And if performance matters, have a look at jvm-serializers to get one performance comparison of actual formats. Java serialization is used for RMI, for example.

Oh, btw, do not assume you must use a binary format. This is typically not a hard requirement; textual formats compress well and are easier to debug/troubleshoot, and process by other platforms, languages if need be.

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StaxMan - thanks for the input. I seem to be missing something basic when it comes to understanding the difference between RMI and NIO. As I understand it, both are sockets-based. Whereas NIO allows you to implement anything on top of TCP or UDP, RMI almost seems to have its own application-layer protocol for transporting serialized objects across a network. But doesn't this just boil down to 2 different socket-based protocols? What am I missing here? Unless the terms "serialized" and "networked" objects do not imply the same thing... –  Eugie Jan 25 '11 at 21:43
    
NIO is the low-level alternative to older blocking I/O ("BIO"). NIO just allows accessing sockets (and files etc) in non-blocking manner. Netty is a library that makes it easier to use NIO. And RMI just implements "black box" of not just tcp based send/receive but also object serialization and other related pieces. Serialization with RMI does include full serialization from any Java object to byte[] and back; I think serialization has other meanings in other contexts? –  StaxMan Jan 25 '11 at 21:52
    
So: basically, RMI implements "all you need" and it's hard to replace pieces. NIO (with or without Netty) is a lower-level building block. You can use any of dozens of serialization schemes with NIO (or blocking I/O). If you like idea of RMI, you could consider RMI replacement DiRMI, sourceforge.net/projects/dirmi, written by a senior Amazon engineer; it's "just like RMI, just better", addressing most known existing RMI issues. –  StaxMan Jan 25 '11 at 21:53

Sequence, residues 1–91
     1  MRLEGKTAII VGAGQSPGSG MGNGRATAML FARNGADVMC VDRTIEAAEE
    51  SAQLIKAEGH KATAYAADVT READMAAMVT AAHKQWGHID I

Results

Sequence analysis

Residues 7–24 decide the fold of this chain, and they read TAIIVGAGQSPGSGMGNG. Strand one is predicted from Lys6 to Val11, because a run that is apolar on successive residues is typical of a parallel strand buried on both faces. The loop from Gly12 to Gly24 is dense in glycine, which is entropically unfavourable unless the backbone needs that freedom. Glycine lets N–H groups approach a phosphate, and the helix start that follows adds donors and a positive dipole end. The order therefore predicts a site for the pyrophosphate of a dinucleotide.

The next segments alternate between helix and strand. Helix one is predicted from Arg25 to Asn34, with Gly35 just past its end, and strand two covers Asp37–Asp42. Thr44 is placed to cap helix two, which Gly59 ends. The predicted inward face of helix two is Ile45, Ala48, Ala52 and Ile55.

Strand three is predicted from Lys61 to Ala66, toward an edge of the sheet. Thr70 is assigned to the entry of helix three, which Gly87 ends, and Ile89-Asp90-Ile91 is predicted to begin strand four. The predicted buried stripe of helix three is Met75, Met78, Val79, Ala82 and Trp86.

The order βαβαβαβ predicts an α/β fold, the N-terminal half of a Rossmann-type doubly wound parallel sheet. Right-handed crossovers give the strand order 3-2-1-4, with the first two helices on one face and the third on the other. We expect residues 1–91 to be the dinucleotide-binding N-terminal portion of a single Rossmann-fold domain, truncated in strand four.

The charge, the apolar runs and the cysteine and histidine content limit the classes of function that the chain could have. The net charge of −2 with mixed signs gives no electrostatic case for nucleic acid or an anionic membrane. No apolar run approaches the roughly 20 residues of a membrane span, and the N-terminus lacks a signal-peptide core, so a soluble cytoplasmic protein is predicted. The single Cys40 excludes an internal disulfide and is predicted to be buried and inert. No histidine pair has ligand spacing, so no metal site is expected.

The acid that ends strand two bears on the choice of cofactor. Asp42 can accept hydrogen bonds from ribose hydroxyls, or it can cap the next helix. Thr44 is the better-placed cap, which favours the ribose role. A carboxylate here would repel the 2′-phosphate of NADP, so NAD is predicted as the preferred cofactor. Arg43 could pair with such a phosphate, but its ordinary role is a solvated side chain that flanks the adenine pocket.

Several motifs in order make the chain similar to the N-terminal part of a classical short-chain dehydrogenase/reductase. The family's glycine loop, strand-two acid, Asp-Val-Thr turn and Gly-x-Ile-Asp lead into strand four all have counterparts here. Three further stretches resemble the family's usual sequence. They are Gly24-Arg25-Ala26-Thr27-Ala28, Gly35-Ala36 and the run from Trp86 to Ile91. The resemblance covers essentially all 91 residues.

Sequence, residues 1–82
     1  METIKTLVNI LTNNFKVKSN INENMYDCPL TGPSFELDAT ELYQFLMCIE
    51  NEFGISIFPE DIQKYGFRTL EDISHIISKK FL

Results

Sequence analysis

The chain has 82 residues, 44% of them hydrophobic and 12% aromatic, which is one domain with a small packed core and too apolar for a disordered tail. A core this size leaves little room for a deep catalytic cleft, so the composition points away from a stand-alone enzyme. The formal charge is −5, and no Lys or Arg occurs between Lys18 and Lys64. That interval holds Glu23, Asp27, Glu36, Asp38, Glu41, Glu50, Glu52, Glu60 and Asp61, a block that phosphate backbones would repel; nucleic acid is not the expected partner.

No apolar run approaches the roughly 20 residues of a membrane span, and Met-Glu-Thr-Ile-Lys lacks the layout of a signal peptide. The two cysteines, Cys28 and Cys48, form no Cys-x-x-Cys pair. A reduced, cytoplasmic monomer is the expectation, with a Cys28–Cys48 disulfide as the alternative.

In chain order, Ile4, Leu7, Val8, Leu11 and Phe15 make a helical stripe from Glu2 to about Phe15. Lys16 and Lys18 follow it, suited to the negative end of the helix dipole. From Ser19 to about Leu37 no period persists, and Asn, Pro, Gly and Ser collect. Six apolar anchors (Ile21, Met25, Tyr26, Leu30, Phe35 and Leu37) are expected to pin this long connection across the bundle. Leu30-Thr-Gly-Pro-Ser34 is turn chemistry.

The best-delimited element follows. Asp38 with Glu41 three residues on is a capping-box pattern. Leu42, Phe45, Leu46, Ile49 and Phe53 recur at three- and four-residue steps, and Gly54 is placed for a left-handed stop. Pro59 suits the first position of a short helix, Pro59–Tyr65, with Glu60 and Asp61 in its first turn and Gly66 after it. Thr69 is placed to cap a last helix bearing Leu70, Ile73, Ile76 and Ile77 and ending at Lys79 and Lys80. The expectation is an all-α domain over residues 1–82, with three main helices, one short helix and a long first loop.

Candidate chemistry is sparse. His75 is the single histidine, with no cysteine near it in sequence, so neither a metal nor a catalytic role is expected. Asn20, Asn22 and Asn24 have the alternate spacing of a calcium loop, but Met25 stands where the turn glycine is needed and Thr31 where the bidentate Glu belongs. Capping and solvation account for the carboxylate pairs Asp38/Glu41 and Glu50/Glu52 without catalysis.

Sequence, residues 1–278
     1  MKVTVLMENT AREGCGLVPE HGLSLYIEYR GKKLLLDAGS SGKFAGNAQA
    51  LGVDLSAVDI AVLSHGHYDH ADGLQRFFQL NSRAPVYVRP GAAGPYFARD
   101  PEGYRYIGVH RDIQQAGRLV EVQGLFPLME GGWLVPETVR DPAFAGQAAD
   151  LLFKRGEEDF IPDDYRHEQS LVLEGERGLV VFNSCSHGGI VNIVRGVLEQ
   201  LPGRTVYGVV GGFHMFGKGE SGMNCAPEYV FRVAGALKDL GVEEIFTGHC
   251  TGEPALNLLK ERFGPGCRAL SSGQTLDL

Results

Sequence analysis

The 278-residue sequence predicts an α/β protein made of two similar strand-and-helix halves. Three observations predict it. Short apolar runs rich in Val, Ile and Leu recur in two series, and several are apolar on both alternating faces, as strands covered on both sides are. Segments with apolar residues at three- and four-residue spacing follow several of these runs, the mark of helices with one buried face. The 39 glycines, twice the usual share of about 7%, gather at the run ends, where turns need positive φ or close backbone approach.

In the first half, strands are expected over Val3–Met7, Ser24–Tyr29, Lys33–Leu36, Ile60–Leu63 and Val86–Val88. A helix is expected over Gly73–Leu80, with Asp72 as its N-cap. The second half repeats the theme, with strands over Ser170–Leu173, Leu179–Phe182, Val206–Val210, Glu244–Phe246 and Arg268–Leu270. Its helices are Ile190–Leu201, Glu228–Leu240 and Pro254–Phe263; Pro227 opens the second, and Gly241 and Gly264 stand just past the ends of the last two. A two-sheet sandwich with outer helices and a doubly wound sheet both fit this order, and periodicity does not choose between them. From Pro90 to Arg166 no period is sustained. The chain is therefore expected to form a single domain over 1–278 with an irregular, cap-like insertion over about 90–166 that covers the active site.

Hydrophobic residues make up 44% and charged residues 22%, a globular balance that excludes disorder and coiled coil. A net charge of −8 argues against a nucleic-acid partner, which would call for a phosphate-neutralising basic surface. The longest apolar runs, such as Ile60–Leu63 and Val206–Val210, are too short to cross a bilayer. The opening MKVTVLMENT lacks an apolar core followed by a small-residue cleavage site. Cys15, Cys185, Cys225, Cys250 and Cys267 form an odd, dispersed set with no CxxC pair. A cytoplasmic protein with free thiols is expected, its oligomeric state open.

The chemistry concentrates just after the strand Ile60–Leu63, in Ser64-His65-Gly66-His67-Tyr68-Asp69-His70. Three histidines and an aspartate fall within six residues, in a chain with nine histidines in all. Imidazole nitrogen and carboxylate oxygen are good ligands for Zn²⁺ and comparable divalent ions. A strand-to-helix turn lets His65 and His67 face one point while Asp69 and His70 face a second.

Ahhhh.... so is it safe to say that in order to pass Widget over a network, it must first be serialized into bytes, and then RMI uses TCP sockets (based on NIO?) to pass the bytes over the network. Then, on the other end, RMI has the "black box" magic to reconstruct the bytes into Java objects. Is this a fair assessment? –  Eugie Jan 25 '11 at 21:57
    
Exactly. RMI implementation JDK uses may use NIO or blocking i/o (probably latter since NIO was added after RMI), but it is based on sockets either way. –  StaxMan Jan 25 '11 at 23:52

Have you looked at Jini and Javaspaces ? It's RMI, so perhaps not suitable. But the space-based pattern is very powerful for distributing objects, receiving notifications, updating in a distributed fashion etc. and you can get something up and running very easily.

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Brian, thanks for the suggestion - I'll take a look at Jini tonight. –  Eugie Jan 25 '11 at 21:34

Both Google's Protocol Buffers and Apache Thrift meet those criteria.

They are binary protocols for data serialization, and they have RPC APIs for passing your widgets over the network so that you do not have to reinvent the wheel.